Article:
Fortress Occident Developer Blog



What you can see here are the capeside apartments, Rue de Saint-Gislaine 33A to be precise. The pier below has my favourite piece of urban romanticism from the game – the plaque reads: “Docking reserved for residents of: Rue de Saint-Gislaine 33A.” Simple technical worldbuilding.

Revachol’s waterfront and the surrounding islands of Ozonne and Archipelagos have civilian boat traffic. Modern Revachol – a “gossamer state”, an occupied territory where only international and property law is enforced – has developed a rich culture of waterways. People drive boats like they drive bicycles. Well, rich people do. Poor people can’t afford boats.

That’s just the facts of life, sunshine.

Another word on the screenshot – it shows off our antecentennial architecture style. Havana-inspired stuff from before the turn of the century. It’s pretty bombed out now, war torn and without renovation for 40 years. We started work on the style before Dishonored 2’s campaign started, so the similarities are coincidental, stemming from common inspiration I guess. Also, we have wildly varying architectural styles in Revachol, the antecentennial is just one of them.

Other than the disturbing lack of spumes and particle effects – the “water tech” is half finished – we’re pretty happy with this one.

A word on the HUD (heads-up display) maybe? It’s still very much a work in progress. But this is the first iteration we’re not embarrassed to show. On the portraits, the red bars are Endurance and the blue bars are Volition.

About those portraits – the third one in line is the one I wanted to talk about: Lena, the cryptozoologist’s wife. She’s into cryptids, the fabled hidden animals. And the whole world in general, not only the hidden part of it. If you take a closer look at the three characters standing underneath the red paint, you’ll see that one of them is in a wheelchair. That one would be Lena.

Since we have a modern setting, we can have people in wheelchairs. Ypa! This one is a fancy, gas powered, electric motor driven wheelchair. (The wheelchair pushing animation would be too much of a hassle, plus the gas powered engine has a nice sound to it.) So we’re thinking – what if we had a wheelchair companion? We like Lena, she’s turning out nice. She’s presented us with an interesting thought experiment. How would Lena as a squadmate work?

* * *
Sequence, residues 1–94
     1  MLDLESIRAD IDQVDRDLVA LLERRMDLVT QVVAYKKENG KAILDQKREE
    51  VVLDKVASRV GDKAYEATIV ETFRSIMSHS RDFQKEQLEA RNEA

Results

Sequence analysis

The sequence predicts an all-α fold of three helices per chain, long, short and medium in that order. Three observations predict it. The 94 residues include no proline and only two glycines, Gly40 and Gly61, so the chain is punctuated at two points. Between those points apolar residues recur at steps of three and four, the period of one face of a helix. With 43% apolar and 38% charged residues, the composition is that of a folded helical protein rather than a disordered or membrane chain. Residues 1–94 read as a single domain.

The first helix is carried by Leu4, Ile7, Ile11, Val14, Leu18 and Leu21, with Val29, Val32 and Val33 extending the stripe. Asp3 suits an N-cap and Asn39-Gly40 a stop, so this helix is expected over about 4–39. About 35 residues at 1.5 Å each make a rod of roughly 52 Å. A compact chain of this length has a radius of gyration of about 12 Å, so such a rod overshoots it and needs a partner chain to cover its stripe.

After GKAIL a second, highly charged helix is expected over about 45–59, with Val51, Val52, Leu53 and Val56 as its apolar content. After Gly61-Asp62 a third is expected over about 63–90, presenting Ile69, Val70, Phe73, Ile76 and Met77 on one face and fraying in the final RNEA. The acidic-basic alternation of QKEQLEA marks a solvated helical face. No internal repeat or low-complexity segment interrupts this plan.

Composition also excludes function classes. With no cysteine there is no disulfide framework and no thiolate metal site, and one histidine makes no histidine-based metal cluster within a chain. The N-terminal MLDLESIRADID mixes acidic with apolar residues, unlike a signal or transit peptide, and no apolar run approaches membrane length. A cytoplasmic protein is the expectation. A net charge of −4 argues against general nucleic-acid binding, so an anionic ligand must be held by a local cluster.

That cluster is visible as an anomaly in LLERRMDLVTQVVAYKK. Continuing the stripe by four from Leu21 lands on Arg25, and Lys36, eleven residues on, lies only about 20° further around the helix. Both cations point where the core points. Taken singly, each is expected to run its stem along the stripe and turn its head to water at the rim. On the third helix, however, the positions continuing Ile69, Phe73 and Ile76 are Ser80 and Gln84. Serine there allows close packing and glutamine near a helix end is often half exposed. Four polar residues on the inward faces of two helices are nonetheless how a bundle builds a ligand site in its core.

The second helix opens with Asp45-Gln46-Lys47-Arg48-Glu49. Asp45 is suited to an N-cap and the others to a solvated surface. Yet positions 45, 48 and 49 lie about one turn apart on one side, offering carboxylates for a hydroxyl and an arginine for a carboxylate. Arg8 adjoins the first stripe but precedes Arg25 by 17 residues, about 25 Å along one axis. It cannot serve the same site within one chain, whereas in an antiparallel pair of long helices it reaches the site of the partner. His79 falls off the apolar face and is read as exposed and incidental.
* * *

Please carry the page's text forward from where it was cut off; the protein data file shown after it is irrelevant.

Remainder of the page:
Currently – not so well. A gossamer state does not lay wheelchair ramps over the ruins of its monarchist past. Traversing the map becomes an instant problem. We had a look at Martinaise proper and most of it is already barricaded with those stairs that isometric level design loves so much. The rest has … navmesh problems. So we’re currently thinking of making Lena into a temporary companion for an atmospheric stroll kind of side-quest. Prototype it. Then maybe expand it into a more fleshed out thing in the future? Those navigational restrictions have some interesting gameplay and exploration possibilities …

Anyway, these are just thoughts. It’s not guaranteed we’ll get her in there at all. It would need to be a smooth experience. There are a lot of crazy what-if’s that keep it on “Maybe?” list as of now. Just wanted to clear that up so y’all don’t expect her as a squadmate and then get angry when the gossamer state’s “who-gives-a-fuck” social policy cuts her navmesh.


Meet The Skills: Intellect

In Metric (our character system) there are six skills that comprise your Intellect: Logic, Rhetoric, Drama, Encyclopedia, Conceptualization and Visual Calculus. They are represented here by their work-in-progress portraits.



is raw intellectual power. If you want to analyze the living daylights out of the case, take Logic. Formulate theories about what happened, or detect inconsistencies in the statements people make to you. It’s useful for not getting bamboozled.

Logic loves being right, however. To a fault. It’s a brilliant lie detector until faced with intellectual flattery. Then it starts tooting its own horn. Your Drama skill might interfere: people are pretending, manipulating you, while Logic – blinded by its own brilliance – yammers on about how infallible it is.